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When I need to define a file system path in my script, I use os.path.join to guarantee that the path will be consistent on different file systems:

from os import path
path_1 = path.join("home", "test", "test.txt")

I also know that there is Pathlib library that basically does the same:

from pathlib import Path
path_2 = Path("home") / "test" / "test.txt"

What is the difference between these two ways to handle paths? Which one is better?

4
  • 6
    Basically you can do it either way, it really doesn’t matter much. It probably boils down to what syntax you prefer. Personally I don’t like the slash being “abused” as a path concatenation operator, therefore I prefer os.path.join, but it’s really just a matter of taste.
    – inof
    Commented Apr 15, 2021 at 16:43
  • 1
    As far as functionality goes, both do the same thing. It's mostly a matter of preference which one you like. treyhunner.com/2018/12/why-you-should-be-using-pathlib
    – pho
    Commented Apr 15, 2021 at 16:46
  • 12
    You can do the same as path_2 = Path("home", "test", "test.txt") and forget about the slash Commented Jun 22, 2021 at 5:54
  • In some cases you can decided based on if you are already using os.path or pathlib. If you've imported and are using one of them already then presumably just keep using that one to avoid additional imports and inconsistency.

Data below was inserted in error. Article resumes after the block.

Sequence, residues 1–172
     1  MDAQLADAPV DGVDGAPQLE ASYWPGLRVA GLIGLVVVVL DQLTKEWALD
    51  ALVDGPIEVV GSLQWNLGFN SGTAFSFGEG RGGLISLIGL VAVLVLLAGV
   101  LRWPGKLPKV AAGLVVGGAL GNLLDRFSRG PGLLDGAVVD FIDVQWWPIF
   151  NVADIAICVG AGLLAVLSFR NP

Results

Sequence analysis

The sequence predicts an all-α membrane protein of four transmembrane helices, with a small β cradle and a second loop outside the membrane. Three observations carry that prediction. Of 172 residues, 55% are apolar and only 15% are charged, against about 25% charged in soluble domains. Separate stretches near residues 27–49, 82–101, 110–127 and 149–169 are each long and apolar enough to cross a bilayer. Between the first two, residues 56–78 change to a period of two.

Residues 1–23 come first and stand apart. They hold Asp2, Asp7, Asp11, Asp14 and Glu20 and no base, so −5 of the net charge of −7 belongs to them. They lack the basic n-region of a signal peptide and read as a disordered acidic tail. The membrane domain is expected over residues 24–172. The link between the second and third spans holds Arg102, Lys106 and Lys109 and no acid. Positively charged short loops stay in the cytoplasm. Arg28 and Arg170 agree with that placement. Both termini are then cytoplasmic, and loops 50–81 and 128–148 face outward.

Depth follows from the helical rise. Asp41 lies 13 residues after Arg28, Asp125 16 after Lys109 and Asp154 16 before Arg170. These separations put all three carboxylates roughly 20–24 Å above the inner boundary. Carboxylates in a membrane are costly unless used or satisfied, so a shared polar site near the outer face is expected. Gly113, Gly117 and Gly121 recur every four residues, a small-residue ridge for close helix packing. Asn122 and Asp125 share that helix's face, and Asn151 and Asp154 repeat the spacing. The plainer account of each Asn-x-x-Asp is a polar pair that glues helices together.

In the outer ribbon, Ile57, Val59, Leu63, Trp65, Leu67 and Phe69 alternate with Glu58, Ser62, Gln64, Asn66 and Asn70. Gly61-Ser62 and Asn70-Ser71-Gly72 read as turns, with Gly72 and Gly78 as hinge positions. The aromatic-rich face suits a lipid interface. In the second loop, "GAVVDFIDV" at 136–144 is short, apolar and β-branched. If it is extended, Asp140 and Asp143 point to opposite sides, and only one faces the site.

– NeilG
    Commented Jun 1 at 4:42

1 Answer 1

87

pathlib is the more modern way since Python 3.4. The documentation for pathlib says that "For low-level path manipulation on strings, you can also use the os.path module."

It doesn't make much difference for joining paths, but other path commands are more convenient with pathlib compared to os.path. For example, to get the "stem" (filename without extension):

os.path: splitext(basename(path))[0]

pathlib: path.stem

Also, you can use the same type of syntax (commas instead of slashes) to join paths with pathlib as well:

path_2 = Path("home", "test", "test.txt")

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    One issue with pathlib.path is when working with bucket gc:// or s3:// pathlib causes the prefix to be reduce to gc:/ etc. so better to work with os.join
    – skibee
    Commented Nov 8, 2021 at 8:44
  • 17
    @skibee In this case you can also use cloudpathlib
    – Karol Zlot
    Commented Jan 20, 2022 at 11:05

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